I felt I didn’t have enough experience in Project Management but there are lots of people with less experience. It really was a horrible feeling, particularly in the early days, knowing that the rug could be pulled from under my feet at any time. This was made worse because my wife had given birth to our son only 6 months before, so mine was (and still is) the only income. With savings and confidence built up this is no longer a concern.

Q) Did you use an umbrella or limited company, and why?

I set up my own limited company for the tax advantages that I had read about on the Contractor Calculator website, amongst others. I choose the company route to have more control, which I prefer.

Q) How much ‘hassle’ was it to get everything set up: banking, company etc?

Not much of a problem at all. Setting up the limited company was the hardest thing as the forms came back from Companies House, but we talked it through with someone. Setting up the bank account was easy with HSBC who offered 18 months free banking.

Q) How long have you now been contracting, and would you consider going back to permanent employment ever again?

It’s been 6 months now and I feel much more confident with money behind me.

I’ve paid for a training course, which I may have got for free in a permanent position, but then again I may not have got it, or had to wait. As I paid for it, I could attend it when I wanted and it is another relevant qualification for my CV.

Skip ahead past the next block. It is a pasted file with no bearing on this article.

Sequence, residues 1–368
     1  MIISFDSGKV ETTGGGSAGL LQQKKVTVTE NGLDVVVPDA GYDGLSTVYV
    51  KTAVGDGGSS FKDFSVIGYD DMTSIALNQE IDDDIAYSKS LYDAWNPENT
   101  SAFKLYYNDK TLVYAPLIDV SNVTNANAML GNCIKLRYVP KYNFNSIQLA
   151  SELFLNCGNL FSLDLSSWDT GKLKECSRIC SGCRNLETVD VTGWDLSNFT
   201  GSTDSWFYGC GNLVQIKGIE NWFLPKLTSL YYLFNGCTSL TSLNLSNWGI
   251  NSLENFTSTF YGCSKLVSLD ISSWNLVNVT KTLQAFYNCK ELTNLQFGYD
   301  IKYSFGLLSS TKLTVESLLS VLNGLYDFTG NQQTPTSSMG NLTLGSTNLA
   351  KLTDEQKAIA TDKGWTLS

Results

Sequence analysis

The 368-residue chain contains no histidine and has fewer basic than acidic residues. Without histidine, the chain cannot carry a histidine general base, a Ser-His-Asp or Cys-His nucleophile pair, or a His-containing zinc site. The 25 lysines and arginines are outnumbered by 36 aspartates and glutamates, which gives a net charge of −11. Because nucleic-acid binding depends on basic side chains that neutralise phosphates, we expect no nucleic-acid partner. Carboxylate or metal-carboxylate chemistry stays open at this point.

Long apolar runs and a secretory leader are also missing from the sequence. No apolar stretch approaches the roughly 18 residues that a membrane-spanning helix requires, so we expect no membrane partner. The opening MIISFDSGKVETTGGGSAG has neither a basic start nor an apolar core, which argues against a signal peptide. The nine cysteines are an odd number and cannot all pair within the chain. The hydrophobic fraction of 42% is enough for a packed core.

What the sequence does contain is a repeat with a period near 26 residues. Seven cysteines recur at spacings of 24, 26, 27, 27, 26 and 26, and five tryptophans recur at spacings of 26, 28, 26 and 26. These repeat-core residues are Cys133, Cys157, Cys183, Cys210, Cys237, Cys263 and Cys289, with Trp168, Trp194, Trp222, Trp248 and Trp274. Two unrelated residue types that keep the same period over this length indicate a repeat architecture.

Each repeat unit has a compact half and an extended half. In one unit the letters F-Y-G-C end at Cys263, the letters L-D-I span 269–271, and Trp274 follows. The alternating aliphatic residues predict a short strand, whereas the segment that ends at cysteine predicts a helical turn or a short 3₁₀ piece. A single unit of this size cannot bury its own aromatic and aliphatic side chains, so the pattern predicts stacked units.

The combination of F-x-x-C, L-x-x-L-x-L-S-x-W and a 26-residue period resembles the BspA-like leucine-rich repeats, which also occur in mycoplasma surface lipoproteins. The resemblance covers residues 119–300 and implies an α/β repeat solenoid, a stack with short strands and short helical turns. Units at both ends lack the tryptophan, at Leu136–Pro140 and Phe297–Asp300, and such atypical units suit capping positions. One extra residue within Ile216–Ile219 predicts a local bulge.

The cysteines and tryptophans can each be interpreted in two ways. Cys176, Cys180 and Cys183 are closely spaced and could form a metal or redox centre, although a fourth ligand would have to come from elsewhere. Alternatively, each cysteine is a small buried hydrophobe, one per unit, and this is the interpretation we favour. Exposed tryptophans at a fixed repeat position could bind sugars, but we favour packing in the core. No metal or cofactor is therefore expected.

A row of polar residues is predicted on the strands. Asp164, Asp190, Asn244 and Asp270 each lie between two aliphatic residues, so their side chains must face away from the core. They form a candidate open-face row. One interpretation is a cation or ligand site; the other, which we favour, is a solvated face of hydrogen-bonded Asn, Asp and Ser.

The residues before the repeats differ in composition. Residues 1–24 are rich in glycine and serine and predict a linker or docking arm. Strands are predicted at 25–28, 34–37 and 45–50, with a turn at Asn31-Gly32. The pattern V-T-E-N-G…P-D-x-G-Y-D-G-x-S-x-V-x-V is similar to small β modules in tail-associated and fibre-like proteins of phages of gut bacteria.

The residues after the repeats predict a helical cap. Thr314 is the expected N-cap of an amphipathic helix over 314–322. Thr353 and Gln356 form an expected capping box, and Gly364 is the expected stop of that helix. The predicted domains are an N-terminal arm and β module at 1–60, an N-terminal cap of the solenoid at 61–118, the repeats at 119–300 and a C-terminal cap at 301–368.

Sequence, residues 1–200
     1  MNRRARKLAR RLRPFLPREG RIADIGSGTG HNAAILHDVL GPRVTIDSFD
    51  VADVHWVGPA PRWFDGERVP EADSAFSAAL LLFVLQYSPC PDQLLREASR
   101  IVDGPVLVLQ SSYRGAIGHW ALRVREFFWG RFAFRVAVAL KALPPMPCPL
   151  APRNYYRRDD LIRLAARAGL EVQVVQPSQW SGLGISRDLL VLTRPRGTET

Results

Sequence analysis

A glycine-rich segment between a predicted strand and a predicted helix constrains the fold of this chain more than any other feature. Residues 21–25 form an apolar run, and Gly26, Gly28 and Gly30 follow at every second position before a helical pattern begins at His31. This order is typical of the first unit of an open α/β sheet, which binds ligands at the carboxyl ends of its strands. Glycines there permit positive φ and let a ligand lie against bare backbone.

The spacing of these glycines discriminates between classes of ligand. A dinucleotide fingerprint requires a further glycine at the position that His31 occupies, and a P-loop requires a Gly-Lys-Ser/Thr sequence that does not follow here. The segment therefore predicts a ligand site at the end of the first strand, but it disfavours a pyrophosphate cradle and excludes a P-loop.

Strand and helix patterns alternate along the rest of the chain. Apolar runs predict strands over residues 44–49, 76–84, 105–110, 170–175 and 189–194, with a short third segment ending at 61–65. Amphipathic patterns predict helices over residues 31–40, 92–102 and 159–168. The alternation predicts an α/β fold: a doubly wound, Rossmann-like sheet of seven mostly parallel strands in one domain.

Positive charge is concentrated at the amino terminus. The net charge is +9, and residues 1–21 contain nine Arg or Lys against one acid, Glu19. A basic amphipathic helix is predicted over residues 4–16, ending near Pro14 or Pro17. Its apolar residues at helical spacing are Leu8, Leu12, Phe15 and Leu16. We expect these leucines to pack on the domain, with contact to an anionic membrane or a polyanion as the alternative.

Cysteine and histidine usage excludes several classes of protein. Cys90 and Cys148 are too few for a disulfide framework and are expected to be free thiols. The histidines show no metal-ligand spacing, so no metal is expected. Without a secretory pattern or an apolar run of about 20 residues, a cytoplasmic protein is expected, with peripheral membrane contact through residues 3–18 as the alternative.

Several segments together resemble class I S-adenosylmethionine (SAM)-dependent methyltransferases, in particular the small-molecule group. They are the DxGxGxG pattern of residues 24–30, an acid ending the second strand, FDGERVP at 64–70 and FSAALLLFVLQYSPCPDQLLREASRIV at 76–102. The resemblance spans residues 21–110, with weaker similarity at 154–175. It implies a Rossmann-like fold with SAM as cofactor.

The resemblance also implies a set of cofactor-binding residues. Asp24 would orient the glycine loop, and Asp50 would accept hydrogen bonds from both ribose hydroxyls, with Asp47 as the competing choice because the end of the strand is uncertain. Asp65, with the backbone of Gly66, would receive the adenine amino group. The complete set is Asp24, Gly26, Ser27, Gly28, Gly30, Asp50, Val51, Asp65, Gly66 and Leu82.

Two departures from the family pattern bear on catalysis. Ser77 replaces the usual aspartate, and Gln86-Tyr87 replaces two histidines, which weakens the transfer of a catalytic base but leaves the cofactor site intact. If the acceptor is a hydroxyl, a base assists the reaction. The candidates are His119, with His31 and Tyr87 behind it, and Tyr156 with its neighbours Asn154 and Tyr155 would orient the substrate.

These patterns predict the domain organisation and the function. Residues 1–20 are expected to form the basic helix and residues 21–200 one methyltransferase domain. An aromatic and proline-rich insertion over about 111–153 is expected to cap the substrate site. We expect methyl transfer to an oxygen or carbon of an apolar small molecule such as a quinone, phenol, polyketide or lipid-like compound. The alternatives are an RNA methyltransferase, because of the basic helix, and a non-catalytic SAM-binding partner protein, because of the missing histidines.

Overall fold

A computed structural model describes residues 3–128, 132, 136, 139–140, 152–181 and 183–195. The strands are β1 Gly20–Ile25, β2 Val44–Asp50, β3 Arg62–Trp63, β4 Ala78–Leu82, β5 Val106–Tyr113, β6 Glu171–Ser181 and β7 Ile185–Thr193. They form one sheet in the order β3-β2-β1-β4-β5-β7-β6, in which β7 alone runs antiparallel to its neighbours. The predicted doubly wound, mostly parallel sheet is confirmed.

I’ve been approached a few times for permanent positions, including one time to interview stage, but I decided not to go ahead with it because at the moment contracting is the best option.

Q) What do you see as the advantages of contracting?

Money is the main one, followed by freedom to choose when to work or not. It is definitely the best move I’ve made so far.

A nice surprise was that taking holidays is much easier. If I ask them, they just say take it when you want, you’re the boss! I have no concerns about taking a month off at the end of the year to go away.

The experience I have gained over the past 6 months would have taken a couple of years in my last company.

Q) Are you financially much better off?

I suppose I’m approx 50% better off for contracting. This would have been 100% but I’m paying rent for two houses whilst I have moved my family with me.

Q) What advice would you give to others looking to enter the contracting arena from permanent employment? (e.g. Preparation, applications, finances, etc).

It’s definitely worth taking the plunge!

My industry (finance) is very buoyant at the moment and the rates are fairly good, so pick the skills you can turn your hand to quite readily and will give you the broadest income options. In my case this was Project Management, although I needed to get up to speed quickly.

Q) Anything else you think might be useful for others thinking about contracting?

Keep on top of your skills & qualifications. By keeping up with industry expectations at least you’ll be considered for all opportunities. I’ve sat 9 exams in the past 7 years, which I don’t like doing but I know that it’s a way of life in business, and more so for a contractor.

Updated: 18 July 2017